Airline backs expansion plans at London Luton AirportMar 11, 2014
The airline’s UK market director Sophie Dekkers has backed the £100 million plan, which would create 5,000 new jobs, and called for all-party support from politicians to the plan.
Speaking at the easyJet Parliamentary reception, she also called on the government to scrap the controversial Air Passenger Duty levy. To do so would boost the UK economy by £16 billion over three years and create more than 60,000 new jobs.
She told more than 300 Parliamentarians, embassy officials and aviation industry stakeholders at the easyJet Parliamentary reception: “Our industry, and Britain as a whole, needs a clear roadmap for the building of new capacity in the South East.” She urged all parties to support the recommendations of the Arports Commission headed by former CBI chief Sir Howard Davies.
“I will make the case for London Luton Airport,” she added. “WE all hope that there is no delay to this much needed investment.”
The UK has some of the highest aviation taxes in the world – ranked 139 out of 140, alongside Chad, Senegal and the Dominican Republic. easyJet last year joined aviation colleagues at BA, Virgin and Ryanair in commissioning advisers PwC to look at the APD.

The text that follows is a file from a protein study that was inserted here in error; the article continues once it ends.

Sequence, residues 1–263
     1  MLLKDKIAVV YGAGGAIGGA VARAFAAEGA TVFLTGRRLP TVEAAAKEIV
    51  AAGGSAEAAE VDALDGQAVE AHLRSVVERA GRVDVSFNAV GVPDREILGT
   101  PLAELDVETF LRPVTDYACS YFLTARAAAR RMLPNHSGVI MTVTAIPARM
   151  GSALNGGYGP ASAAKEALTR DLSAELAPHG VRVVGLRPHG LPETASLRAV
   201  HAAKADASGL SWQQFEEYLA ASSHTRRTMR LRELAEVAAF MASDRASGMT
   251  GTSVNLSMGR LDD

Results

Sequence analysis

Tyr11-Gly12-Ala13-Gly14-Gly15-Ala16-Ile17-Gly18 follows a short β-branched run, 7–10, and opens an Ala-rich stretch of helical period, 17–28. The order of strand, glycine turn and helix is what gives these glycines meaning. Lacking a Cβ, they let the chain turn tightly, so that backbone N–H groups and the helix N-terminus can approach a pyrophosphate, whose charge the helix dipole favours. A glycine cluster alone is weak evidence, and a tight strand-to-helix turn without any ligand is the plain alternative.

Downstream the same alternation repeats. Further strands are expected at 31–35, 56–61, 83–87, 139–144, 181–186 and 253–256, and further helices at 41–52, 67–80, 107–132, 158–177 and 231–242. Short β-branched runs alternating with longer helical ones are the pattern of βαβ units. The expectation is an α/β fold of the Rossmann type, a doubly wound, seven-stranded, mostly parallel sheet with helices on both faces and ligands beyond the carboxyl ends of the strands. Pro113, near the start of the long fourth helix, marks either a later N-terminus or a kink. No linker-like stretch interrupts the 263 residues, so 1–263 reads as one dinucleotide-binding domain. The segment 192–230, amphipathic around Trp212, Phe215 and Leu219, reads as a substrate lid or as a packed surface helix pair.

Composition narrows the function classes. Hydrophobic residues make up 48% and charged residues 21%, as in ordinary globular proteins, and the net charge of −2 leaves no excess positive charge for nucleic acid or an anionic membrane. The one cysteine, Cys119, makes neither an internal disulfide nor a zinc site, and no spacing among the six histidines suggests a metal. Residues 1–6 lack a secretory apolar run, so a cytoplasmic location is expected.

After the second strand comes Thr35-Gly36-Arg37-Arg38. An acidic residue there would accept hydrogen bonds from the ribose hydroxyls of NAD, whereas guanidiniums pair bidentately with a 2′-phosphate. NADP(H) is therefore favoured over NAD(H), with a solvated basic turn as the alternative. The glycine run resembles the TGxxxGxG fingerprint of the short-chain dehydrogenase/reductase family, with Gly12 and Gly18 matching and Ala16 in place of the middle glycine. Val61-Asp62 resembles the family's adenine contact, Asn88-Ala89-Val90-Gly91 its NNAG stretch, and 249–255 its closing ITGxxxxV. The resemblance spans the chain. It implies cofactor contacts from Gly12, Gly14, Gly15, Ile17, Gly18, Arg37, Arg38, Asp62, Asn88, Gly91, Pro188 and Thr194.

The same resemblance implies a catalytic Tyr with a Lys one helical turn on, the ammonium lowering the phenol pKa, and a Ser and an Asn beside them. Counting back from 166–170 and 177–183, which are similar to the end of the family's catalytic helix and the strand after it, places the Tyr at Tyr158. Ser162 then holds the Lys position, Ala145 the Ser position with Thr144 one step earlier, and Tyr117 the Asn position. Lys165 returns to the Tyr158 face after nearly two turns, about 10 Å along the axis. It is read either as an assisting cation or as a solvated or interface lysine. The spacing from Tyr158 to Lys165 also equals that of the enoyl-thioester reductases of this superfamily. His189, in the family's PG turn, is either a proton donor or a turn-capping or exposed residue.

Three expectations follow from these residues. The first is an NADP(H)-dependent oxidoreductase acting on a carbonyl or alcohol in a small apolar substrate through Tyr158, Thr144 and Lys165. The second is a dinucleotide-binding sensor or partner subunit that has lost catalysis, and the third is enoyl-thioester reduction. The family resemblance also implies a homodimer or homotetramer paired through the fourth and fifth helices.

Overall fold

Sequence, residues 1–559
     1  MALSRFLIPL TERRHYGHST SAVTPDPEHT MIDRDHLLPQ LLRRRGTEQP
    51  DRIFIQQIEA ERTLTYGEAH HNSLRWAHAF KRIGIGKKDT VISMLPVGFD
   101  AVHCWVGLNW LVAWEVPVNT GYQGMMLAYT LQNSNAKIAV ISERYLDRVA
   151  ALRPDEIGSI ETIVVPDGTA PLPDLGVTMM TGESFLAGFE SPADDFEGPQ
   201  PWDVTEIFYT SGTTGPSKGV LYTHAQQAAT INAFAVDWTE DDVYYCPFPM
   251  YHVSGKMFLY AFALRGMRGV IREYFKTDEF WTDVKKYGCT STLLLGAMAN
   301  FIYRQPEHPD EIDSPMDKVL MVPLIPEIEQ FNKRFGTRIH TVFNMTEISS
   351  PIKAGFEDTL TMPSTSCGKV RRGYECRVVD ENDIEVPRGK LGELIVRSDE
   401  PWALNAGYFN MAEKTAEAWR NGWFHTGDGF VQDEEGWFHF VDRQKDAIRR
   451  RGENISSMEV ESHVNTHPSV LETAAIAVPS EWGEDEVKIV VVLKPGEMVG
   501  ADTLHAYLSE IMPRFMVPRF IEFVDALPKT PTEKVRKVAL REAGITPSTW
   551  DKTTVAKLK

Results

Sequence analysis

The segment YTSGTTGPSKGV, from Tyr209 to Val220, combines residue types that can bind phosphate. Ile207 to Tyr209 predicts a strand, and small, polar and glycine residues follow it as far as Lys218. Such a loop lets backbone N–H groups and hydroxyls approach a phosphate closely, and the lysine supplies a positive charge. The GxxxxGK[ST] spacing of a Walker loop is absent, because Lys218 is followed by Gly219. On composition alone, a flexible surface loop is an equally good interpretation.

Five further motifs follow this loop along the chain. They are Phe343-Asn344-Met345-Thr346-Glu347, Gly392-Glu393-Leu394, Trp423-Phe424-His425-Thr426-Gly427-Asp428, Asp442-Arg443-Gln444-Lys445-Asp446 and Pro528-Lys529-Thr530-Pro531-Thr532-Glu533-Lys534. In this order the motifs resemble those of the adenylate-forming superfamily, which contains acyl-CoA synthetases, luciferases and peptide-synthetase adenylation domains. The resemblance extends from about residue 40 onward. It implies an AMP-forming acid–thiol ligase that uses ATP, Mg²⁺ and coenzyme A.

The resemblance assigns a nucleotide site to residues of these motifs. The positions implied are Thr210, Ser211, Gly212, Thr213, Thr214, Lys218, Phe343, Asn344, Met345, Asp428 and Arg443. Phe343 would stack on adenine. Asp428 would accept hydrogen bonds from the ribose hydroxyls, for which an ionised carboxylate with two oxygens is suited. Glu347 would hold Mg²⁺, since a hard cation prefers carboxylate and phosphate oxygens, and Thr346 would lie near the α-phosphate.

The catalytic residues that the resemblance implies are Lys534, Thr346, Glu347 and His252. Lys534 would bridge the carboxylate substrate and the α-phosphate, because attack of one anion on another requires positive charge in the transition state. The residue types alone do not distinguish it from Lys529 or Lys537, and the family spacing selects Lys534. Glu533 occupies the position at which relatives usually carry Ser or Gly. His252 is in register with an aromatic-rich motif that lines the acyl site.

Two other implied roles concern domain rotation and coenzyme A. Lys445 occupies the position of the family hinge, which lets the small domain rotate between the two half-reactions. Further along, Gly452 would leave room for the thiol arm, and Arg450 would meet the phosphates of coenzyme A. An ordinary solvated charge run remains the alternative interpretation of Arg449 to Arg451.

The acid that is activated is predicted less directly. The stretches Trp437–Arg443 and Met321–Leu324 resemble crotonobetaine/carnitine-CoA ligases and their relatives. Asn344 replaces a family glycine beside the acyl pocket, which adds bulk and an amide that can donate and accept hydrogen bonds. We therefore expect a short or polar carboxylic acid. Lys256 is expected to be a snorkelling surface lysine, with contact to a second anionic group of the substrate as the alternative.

“It is hard to find another comparable table on a key measure of international competitiveness which shows the UK in this position,” said Ms Dekkers. “This is not just a blow to our national pride but demonstrates the unjustifiable level of APD.”
Abolishing the levy would generate enough tax revenue from other sources to give the Treasury a net gain, she added. “We call upon the Chancellor to use the forthcoming Budget to remove APD to stimulate economic growth and to create jobs.”
easyJet has agreed a deal to buy 135 new Airbus aircraft. “We are pleased that the wings and many of the components of these aircraft are manufactured in the UK so this order will safeguard thousands of jobs.”
The annual reception was hosted by Luton South MP Gavin Shuker. Guests also heard from Transport Minister Robert Goodwill.